Rogue’s Under-The-Radar Dominance
At a time when tech-enabled equipment and streaming fitness startups are raising multi-million- dollar funding rounds, one company has taken a decidedly different path to building a booming business.
The leading manufacturer of America-made strength and conditioning equipment, Rogue Fitness, has solidified itself as an Amazon-like marketplace for fitness gear and training accessories.
Back in 2006, when Air Force veteran Bill Henniger struggled to source equipment for his CrossFit-inspired garage gym, he used his own cash to launch Rogue — a direct-to-consumer solution for outfitting a CrossFit box, garage gym, or anything in between. Eleven years later, Rogue Fitness has grown from Henniger’s garage into a name brand recognized—and respected—the world over.
As the antithesis to a Silicon Valley startup or newfangled wellness brand, Rogue is refreshingly old school. Free from buzzwords and world-changing hyperbole, the company’s mission and reputation are rooted in values that are noticeably absent from the luxury-inspired, pseudo-scientific trends that dominate the conversation around the $4.2T wellness industry.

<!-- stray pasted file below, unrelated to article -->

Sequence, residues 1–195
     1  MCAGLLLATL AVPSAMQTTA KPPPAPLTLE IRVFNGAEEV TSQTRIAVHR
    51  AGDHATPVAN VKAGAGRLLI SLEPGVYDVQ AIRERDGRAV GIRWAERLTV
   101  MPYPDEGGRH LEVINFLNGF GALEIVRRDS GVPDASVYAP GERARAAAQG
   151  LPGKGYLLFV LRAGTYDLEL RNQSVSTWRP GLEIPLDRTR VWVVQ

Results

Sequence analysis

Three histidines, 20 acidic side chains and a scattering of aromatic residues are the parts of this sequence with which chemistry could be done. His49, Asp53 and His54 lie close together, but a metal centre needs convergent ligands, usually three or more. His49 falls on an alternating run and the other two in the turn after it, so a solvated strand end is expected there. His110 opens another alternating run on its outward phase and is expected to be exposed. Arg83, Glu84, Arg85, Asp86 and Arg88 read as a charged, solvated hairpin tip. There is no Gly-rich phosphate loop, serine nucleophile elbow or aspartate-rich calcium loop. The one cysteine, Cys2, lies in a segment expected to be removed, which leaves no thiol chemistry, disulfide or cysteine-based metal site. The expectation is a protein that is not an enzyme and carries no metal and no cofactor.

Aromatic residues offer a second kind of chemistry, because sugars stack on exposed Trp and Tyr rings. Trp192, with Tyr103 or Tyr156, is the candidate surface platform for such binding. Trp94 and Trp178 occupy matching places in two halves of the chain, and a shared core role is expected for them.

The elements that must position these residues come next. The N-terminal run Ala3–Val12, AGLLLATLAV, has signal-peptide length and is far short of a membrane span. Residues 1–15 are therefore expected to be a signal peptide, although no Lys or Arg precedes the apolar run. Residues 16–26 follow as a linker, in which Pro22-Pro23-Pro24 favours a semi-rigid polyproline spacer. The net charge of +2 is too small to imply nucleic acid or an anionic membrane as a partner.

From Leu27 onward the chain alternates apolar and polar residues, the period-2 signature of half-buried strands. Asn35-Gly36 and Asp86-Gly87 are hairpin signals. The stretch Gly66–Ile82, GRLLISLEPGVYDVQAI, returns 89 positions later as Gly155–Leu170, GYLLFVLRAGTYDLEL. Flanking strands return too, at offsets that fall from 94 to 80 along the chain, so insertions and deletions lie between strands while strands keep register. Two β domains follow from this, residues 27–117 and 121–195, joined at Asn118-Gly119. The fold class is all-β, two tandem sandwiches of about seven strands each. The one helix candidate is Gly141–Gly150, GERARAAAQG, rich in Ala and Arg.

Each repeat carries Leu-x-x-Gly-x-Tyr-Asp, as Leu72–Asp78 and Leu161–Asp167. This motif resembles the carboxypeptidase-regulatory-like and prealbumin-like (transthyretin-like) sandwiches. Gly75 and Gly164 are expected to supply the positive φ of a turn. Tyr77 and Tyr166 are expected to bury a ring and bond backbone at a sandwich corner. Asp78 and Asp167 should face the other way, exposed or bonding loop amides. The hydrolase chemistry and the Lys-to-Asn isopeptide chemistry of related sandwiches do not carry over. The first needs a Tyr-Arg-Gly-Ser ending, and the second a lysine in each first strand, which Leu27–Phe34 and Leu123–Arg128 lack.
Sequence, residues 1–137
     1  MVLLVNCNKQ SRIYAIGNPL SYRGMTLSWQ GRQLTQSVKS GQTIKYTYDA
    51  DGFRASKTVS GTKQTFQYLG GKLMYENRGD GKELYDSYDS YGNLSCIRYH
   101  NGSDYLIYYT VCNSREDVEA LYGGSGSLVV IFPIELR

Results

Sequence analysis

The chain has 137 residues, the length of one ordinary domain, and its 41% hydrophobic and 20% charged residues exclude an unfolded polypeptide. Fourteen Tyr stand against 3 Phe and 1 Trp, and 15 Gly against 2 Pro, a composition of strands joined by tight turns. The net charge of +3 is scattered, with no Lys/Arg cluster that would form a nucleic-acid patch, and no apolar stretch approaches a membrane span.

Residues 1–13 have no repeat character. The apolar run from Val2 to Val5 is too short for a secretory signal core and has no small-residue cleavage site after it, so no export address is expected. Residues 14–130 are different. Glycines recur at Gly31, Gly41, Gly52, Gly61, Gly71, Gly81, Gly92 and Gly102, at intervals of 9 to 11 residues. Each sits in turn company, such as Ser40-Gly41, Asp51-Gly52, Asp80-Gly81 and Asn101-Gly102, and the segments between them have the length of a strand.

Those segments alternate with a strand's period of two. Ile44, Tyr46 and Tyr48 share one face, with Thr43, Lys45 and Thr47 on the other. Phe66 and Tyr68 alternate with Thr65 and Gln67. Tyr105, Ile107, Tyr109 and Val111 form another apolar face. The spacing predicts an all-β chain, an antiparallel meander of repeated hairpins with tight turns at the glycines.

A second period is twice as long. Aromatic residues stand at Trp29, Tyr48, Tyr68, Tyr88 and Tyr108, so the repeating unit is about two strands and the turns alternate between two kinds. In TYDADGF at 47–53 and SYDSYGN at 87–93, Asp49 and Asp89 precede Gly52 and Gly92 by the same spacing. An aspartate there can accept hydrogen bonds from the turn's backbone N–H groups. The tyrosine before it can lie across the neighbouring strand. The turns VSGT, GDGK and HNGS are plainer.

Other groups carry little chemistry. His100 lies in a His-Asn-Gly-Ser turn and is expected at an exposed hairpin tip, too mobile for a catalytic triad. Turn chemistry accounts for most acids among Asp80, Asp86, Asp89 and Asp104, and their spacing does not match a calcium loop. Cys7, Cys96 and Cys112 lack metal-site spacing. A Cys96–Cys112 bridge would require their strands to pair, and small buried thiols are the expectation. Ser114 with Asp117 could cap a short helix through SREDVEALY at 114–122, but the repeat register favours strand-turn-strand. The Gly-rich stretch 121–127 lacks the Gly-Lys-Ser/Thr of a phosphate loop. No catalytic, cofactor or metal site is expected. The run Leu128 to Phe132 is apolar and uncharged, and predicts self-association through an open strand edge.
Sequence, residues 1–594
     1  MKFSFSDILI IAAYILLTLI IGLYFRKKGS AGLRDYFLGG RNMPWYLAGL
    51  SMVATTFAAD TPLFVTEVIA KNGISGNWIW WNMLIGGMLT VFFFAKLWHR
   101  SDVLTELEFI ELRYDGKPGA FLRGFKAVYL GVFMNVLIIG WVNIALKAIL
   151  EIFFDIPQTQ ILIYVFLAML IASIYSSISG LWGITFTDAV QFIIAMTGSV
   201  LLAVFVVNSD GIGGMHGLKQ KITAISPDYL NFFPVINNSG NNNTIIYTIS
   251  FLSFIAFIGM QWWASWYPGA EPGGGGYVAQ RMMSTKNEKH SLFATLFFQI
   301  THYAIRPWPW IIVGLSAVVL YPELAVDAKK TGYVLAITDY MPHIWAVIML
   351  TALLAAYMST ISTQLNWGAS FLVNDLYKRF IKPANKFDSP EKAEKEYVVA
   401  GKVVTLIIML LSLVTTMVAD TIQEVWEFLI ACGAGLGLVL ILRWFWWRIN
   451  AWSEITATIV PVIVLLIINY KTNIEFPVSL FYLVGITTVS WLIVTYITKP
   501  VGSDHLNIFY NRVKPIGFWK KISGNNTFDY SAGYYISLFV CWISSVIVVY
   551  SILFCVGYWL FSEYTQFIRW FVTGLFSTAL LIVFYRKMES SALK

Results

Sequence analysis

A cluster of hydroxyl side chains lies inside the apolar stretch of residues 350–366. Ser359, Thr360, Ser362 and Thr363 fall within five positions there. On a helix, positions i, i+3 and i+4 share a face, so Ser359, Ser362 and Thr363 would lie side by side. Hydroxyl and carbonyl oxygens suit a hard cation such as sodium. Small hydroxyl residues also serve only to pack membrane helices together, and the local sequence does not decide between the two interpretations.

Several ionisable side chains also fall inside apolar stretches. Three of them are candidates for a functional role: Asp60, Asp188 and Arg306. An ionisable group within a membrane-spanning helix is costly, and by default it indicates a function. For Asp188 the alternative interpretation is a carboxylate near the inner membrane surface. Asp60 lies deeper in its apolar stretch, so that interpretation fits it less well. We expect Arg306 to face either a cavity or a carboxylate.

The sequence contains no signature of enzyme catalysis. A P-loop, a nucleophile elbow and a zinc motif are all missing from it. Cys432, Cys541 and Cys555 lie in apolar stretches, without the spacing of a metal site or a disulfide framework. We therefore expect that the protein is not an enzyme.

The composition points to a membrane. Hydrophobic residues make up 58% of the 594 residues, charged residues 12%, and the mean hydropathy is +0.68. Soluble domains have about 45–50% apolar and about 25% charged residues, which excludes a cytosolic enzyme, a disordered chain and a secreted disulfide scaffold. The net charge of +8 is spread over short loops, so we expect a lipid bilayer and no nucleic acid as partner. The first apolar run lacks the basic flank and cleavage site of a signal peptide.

Although the private company doesn’t disclose its financials, indicators of Rogue’s success are plain to see, as evidenced by their inclusion on Inc’s list of 14 companies that dominated 2018.
A few of the highlights include Rogue’s new 600,000-square-foot headquarters in Columbus, Ohio and their workforce of 600 employees. They are the official equipment supplier of the CrossFit Games, USA Weightlifting, and the Arnold Strongman Classic. They’ve acquired several adjacent manufacturing businesses, including Nebula Fitness, Pendlay, and Reflex. And, most impressively, the company is largely responsible for breathing new life into the Milo-Grogan neighborhood in Downtown Columbus.
Notoriety aside, Rogue Fitness continues to fly under the radar — they represent a version of fitness, and success, for the rest of us. What does entrepreneurship or fitness look like for someone who’s not in New York City or San Francisco? It looks a lot like Rogue Fitness.